When I was a young man, I started writing down quotes that I found interesting, inspiring, or funny. I think I was probably inspired by a book my grandpa published when I was twelve, 1001 Great Stories and Quotes. It’s a habit I’ve kept up over the years, though with waxing and waning consistency. When I hear or read something that sparks my interest, I try to record it for future reference.

If a man empties his purse into his head, no man can take it away from him. An investment in knowledge always pays the best interest.

— Benjamin Franklin, “Poor Richard’s Almanack”

After a year or so, I started keeping the quotes in a notebook dedicated to the purpose. I found it was much easier to reference them there than to sort through my regular journals or loose-leaf notes to find the quote I wanted. I didn’t order or arrange them in any way, other than the order in which I discovered them. This has had its benefits and its detriments.

I love quotations because it is a joy to find thoughts one might have, beautifully expressed with much authority by someone recognized wiser than oneself.

— Marlene Dietrich

One of the fun little bits is to go through them and see them in the order I wrote them down. Since I remember roughly when I wrote some of them, I can estimate about what time in my life that particular quote seemed important. As I now begin the process of transferring them to a new, more durable notebook, I am careful to keep them in the same order and to not remove any of them; even if I find them silly or unimportant now. When I look back later, it is almost a sort of diary or journal to see the things that struck me as important or deep as a teenager. It’s enjoyable to get an indirect peek back into my mind at those stages.

Contrariwise, the most annoying thing is probably that, with no organizing structure, it is difficult to find a specific quote. If I know the exact quote I am looking for, I have no real way to find it quickly unless I can remember when I first encountered it. It also has the downside of not being able to find related quotes easily. If quotes were grouped by topic, I would be able to look up one quote about, let’s say, quotations and there would be other quotes about quotations nearby. Instead, with them lacking any arrangement other than by date of discovery, it can certainly be annoying when I know exactly what I’m looking for. In order to navigate right to what I want, I would need to know roughly when I wrote it down and roughly the order of all the other quotes.

I hate quotations. Tell me what you know.

— Ralph Waldo Emerson

But this is also its greatest strength, in my opinion. Since I am forced to skim through everything to find what I want, I am constantly experiencing the joy of rediscovery as I find quotes I had copied down and forgotten about. The joy of serendipity more than outweighs the inconveniences in finding what I wanted.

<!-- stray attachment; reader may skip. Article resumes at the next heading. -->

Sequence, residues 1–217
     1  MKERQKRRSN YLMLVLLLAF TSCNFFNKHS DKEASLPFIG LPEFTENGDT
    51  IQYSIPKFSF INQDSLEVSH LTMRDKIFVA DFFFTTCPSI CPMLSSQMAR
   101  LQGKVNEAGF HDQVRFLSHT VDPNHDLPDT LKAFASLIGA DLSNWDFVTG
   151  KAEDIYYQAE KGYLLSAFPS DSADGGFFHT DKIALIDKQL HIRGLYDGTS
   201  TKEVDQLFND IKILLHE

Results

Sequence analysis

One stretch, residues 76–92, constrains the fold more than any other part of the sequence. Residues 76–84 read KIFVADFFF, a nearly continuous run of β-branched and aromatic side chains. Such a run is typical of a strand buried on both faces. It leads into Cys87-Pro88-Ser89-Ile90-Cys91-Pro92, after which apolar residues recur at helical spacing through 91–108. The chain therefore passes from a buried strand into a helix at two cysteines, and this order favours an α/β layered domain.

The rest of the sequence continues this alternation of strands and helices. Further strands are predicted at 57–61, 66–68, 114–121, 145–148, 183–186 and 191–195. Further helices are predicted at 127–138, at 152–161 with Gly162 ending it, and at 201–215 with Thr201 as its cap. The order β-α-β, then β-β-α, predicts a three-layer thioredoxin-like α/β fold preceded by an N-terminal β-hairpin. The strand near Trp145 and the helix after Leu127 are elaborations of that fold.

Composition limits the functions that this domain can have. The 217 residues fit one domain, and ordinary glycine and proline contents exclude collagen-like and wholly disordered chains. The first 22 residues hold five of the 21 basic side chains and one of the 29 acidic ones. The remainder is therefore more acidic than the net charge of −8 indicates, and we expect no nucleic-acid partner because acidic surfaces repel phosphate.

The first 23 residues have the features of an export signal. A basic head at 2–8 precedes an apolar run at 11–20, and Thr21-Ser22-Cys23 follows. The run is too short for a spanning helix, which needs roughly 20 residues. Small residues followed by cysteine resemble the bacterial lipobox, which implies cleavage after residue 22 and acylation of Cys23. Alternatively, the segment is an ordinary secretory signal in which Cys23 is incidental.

It seems to me that we often make things too easy on ourselves. For a while, I used an app on my phone to collect and organize my quotes. It was really nice and I loved it. When the app died, I was upset at first, but I’m really grateful now. It had made finding the exact quote I wanted so easy that I had completely lost the serendipitous discovery. As a result, I ended up returning to the same handful of quotes because those were the ones that came to memory. Since switching back to a physical notebook, I have lost count of the number of times I’ve been looking for a quote and stopped because I ran into a quote I had completely forgotten about; which spoke to me more in the moment than the quote for which I started searching.

This experience is worth too much to me. I want to go back to a system where I can find my saved quotes more readily, but I worry that it will cost too much.

This leads me to my current decision. As a mentioned above, I found that the notebook in which I kept my collection of quotes was beginning to fall apart, so I’ve started transferring all the quotes in their exact original order into a new notebook. But, as I build out my PKM (Personal Knowledge Management. More on this in the future…) in Obsidian, I really want to put my quotes in there as well. I can cross-link them and index and tag them to tease out how the ideas and concepts interrelate. But I’m hesitant to do that because I feel it would be better not to lose that serendipitous re-discovery.

But, I suppose the beauty of a digital system is that if I find that I am not using the notebook to rediscover what I had loved and forgotten, I can always delete the digital notes and force myself back.